Summer 1996 • Vol. XVIII No. 3/4 Poetry |

Siblings

A print of Audubon's ovenbirds hung above our parents' king-sized bed: the female, ornamental in her tawny crown, craned along a branch the male's banked off of like a fighter plane; and below them both, the nest whose domed, combustible form has given them their name, and whose heat, my sister explained to me, kindled the air around all married lives. Sometimes early on the winter weekends, we'd crawl into bed with the two of them, sink down under that gossamer of warmth, that place of being, and dream ourselves awake again, and waking wonder what it was could make that space ignite, inflame them so. One night,   or so my sister's story goes, from across the hall she'd watched them after they'd just come back from a dinner party, or an evening out. Mother was lying fully clothed, face down on the coverlet, my father was standing beside her with his hands raised up above his head, a wildness in the way he pitched there blindly and would not move. At first I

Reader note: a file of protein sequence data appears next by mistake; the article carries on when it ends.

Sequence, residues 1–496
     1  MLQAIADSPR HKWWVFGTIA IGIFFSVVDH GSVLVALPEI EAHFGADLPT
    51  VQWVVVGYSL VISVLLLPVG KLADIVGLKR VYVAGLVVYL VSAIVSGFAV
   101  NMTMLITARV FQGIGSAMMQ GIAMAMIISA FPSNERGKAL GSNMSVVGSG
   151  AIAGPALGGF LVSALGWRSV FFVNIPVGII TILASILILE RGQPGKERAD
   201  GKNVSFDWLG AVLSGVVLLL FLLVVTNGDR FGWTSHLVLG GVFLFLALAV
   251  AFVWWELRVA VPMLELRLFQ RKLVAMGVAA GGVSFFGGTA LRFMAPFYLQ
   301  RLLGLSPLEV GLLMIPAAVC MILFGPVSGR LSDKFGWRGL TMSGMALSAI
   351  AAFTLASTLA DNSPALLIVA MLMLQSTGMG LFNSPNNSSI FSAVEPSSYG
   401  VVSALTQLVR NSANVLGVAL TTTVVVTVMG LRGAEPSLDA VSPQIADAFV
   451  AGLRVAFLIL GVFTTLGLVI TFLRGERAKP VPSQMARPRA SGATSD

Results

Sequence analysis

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Ilium

By Sherod Santos

A print of Audubon's ovenbirds hung above our parents' king-sized bed: the female, ornamental in her tawny crown, craned along a branch the male's banked off of like a fighter […]

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